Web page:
I consider myself quite lucky to be able to make a living writing things on the internet because it gives me an outlet for my natural geekery. Even if I had never started crafting snarky blog posts on a daily basis, I suspect many of the things on this list would still be in my office (I guess then I'd call it something else). However, in this version of reality, I'm a professional nerd, and these are the things that I use every day.
The Doom series is perhaps one of the most iconic in gaming, so much so that it's been ported and hacked onto just about every platform and gadget imaginable. There are plenty of unofficial ways to play Doom on Android, but today owners of NVIDIA's SHIELD Android TV and SHIELD Tablet (and sadly, no one else) get a chance to own the entire series in a single package. Doom 3: BFG Edition is now available on the Play Store for $10.
This omnibus collection includes the original Doom, Doom 2, The high-end Doom 3 (originally released for the PC back in 2003), and all the expansions and extra content that the developers have created over the years, including eight new levels for Doom 3.
Some people are cord cutters — fed up with cable bills that seem to rise every month, hardware rental fees, and the unshakable sense that they aren't getting a ton of value for their entertainment buck. The just-under $150 Channel Master Stream+ and its ability to both stream online content and record free over-the-air broadcasts promises to keep them happy in a cable-free world. Does it deliver?
I've long been an advocate for the usefulness of Android tablets, but even I've been questioning my own words over the past year or so. After switching to a Chromebook Flip as my main laptop and tablet, I rarely even use my Android tablets for anything more than reading in bed or playing a quick game.
But deep down I guess I'm a dreamer—I keep hoping Google will step up and make Android tablets not only relevant for more than the "I want a cheap tablet" market, but for power users. People who want to get things done and don't always want to break out a laptop to do it.
NVIDIA’s SHIELD is a gaming device that defies classification. The full-sized controls and Android software make it more than a portable gaming device, at least on paper, but it doesn't compete with (or complement) more conventional mobile form factors. SHIELD is something entirely new.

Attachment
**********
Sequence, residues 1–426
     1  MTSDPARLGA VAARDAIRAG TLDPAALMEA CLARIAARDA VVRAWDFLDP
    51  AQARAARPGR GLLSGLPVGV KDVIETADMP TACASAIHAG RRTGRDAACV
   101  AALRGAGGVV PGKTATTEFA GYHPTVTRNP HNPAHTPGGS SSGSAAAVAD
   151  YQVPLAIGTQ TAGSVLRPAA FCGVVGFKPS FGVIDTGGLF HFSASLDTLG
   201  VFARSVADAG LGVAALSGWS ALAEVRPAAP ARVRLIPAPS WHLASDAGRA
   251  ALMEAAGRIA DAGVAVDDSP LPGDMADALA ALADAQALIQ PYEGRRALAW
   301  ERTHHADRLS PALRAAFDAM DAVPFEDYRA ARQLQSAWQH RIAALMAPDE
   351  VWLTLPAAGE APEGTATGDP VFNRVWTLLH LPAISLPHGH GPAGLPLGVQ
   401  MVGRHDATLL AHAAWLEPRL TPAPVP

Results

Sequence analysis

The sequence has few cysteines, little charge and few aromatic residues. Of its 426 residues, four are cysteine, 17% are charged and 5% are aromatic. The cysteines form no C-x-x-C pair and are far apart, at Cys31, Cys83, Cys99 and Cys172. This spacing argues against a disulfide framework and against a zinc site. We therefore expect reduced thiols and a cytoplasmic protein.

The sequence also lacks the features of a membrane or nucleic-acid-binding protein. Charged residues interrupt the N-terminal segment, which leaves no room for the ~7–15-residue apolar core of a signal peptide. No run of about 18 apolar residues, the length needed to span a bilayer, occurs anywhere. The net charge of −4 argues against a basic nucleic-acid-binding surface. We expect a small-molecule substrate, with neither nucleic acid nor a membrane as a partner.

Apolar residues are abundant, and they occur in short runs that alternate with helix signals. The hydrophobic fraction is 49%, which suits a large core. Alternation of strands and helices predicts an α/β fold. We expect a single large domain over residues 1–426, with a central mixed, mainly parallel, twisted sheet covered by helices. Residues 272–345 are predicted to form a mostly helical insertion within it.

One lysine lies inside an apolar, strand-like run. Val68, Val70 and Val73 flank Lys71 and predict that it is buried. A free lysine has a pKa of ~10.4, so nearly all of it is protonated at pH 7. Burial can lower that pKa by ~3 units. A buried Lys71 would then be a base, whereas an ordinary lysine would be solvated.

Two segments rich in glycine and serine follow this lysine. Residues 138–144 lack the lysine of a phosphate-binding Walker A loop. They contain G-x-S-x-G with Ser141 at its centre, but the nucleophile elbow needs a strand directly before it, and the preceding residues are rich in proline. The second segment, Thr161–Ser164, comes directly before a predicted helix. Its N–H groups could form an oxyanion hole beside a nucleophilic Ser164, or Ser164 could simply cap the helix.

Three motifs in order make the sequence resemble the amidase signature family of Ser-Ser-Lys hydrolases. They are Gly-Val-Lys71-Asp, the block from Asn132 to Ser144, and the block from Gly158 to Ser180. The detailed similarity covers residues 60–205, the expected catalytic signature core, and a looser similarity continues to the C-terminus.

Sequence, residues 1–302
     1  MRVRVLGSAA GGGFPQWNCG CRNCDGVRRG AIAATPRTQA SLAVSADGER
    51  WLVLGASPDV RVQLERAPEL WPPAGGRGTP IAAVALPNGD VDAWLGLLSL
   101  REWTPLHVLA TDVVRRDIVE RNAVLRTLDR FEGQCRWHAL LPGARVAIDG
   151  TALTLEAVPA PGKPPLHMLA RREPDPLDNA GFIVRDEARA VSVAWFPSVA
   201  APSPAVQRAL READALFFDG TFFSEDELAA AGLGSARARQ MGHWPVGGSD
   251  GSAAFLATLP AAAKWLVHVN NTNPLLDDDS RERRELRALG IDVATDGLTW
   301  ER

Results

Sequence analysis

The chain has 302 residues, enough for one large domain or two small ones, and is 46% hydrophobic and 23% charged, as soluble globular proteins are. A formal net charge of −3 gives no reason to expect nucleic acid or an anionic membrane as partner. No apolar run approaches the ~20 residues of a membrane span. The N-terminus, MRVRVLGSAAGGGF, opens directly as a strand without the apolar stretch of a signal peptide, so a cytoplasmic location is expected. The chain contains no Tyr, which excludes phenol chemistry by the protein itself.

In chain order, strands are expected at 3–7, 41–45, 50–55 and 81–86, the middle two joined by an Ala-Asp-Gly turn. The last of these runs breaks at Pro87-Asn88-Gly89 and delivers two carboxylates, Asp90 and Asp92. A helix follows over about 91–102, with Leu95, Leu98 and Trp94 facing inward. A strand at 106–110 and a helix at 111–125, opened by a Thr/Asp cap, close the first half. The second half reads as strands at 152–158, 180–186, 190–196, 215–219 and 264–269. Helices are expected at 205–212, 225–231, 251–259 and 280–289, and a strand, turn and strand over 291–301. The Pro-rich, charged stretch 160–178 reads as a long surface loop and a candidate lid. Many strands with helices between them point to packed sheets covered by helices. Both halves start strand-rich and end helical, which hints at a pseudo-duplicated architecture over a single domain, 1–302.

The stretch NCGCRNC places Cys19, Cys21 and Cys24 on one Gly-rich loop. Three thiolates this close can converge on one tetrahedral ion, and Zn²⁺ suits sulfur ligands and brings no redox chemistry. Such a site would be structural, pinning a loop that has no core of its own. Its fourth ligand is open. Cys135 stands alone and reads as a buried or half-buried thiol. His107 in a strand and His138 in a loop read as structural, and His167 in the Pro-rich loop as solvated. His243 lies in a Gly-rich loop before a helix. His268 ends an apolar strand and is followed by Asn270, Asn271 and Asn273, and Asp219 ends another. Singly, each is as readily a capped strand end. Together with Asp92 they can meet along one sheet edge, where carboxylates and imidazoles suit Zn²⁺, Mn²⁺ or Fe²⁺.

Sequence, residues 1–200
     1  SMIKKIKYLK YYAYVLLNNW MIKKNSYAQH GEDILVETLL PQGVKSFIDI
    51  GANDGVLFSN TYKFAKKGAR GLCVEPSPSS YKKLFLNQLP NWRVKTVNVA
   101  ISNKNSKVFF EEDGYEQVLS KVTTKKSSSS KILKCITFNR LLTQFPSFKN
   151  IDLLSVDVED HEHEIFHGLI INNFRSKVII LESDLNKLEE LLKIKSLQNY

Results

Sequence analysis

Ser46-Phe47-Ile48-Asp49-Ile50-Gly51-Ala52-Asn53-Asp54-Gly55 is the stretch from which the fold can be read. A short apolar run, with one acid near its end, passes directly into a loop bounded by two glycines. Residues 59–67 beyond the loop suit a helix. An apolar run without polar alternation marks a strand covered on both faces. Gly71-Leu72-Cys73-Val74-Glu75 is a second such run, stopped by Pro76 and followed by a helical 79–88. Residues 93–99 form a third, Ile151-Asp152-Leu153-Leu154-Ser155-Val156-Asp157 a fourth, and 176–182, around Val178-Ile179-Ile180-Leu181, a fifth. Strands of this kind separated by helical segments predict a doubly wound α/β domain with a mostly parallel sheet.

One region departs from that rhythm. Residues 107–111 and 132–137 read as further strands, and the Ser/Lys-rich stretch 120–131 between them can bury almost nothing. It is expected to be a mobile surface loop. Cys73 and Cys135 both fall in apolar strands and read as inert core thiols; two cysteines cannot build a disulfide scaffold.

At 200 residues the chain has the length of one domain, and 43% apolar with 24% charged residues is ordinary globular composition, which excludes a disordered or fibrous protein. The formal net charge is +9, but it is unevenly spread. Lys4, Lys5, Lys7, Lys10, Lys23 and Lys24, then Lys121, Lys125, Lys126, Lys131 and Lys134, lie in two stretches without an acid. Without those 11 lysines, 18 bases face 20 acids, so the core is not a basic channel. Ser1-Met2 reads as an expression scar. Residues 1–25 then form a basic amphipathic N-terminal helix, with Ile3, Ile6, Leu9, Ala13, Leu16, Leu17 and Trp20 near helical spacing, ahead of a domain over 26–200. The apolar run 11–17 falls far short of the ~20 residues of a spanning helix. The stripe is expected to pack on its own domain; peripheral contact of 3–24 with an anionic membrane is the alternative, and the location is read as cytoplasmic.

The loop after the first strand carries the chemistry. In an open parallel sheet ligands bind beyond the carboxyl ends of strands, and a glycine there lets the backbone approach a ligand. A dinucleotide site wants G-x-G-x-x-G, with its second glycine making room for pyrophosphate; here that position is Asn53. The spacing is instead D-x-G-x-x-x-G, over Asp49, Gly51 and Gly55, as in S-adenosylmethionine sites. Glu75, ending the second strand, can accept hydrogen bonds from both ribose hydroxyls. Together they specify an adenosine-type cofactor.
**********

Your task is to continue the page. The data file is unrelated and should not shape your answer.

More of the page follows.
The only way to evaluate a gaming machine is on how it plays games, and in that respect, SHIELD is amazing... at least in a few specific circumstances. Problems arise from the fact that Android gaming is still immature in many ways, and most of the games available right now are designed for touchscreens first and foremost.
So here we are already elbows-deep into 2017. Let me start off by saying that I love this job — I work with and I have met some great and intelligent people. By some miracle, I have earned the "right" to write up one of these posts. Now is your chance to see into the other side of your screen to get a glimpse of how I bring you such profound content.
Motorola has some new gadgets coming out soon that round out its consumer electronics lineup. You've probably heard of the Moto 360, which is speeding its way towards some of your mailboxes right now. Motorola also announced the Power Pack Micro, a portable battery pack/Bluetooth phone finder combo, along with the new models of the Moto X and Moto G. To make both of them work to their full potential, you'll need the new Motorola Connect app.
NVIDIA seems committed to a set-top box format and Android TV platform for its SHIELD brand, revealing a slightly tweaked model of the device at CES as the first major hardware revision in a year and a half. But fans of the original SHIELD, the somewhat goofy and crazy-powerful Android portable console, have been clamoring for a new device for even longer than that. The last we heard about follow-up from NVIDIA was almost two years ago, but it looks like someone at the company has been busy between now and then.
Owners of NVIDIA's Android devices are no strangers to exclusive titles with somewhat higher than average prices. The latest release is notable in a few ways, though. The Witness has been available on Steam, PS4, Xbox One, and other platforms, but it's only about a year old. It's also one of the more expensive games available for the SHIELD at $20. That might still be worth it, based on the reviews.
This story was originally published and last updated .
We've updated our best-of-the-year game roundup to add in some of our favorite titles from 2020, with 15 new games rounding out our list. If you're running out of movies and TV to stream, books to read, and hobbies to distract yourself, there's probably a mobile game or two you'll be interested in here. This is a hand-selected list, and whether you prefer premium releases or free-to-play titles, you should be able to find more than a few games to suit your needs. I've also included an honorable mentions list at the bottom of the page for the titles that didn't quite make the cut, and I even have a best-of WTF listing to really round things out.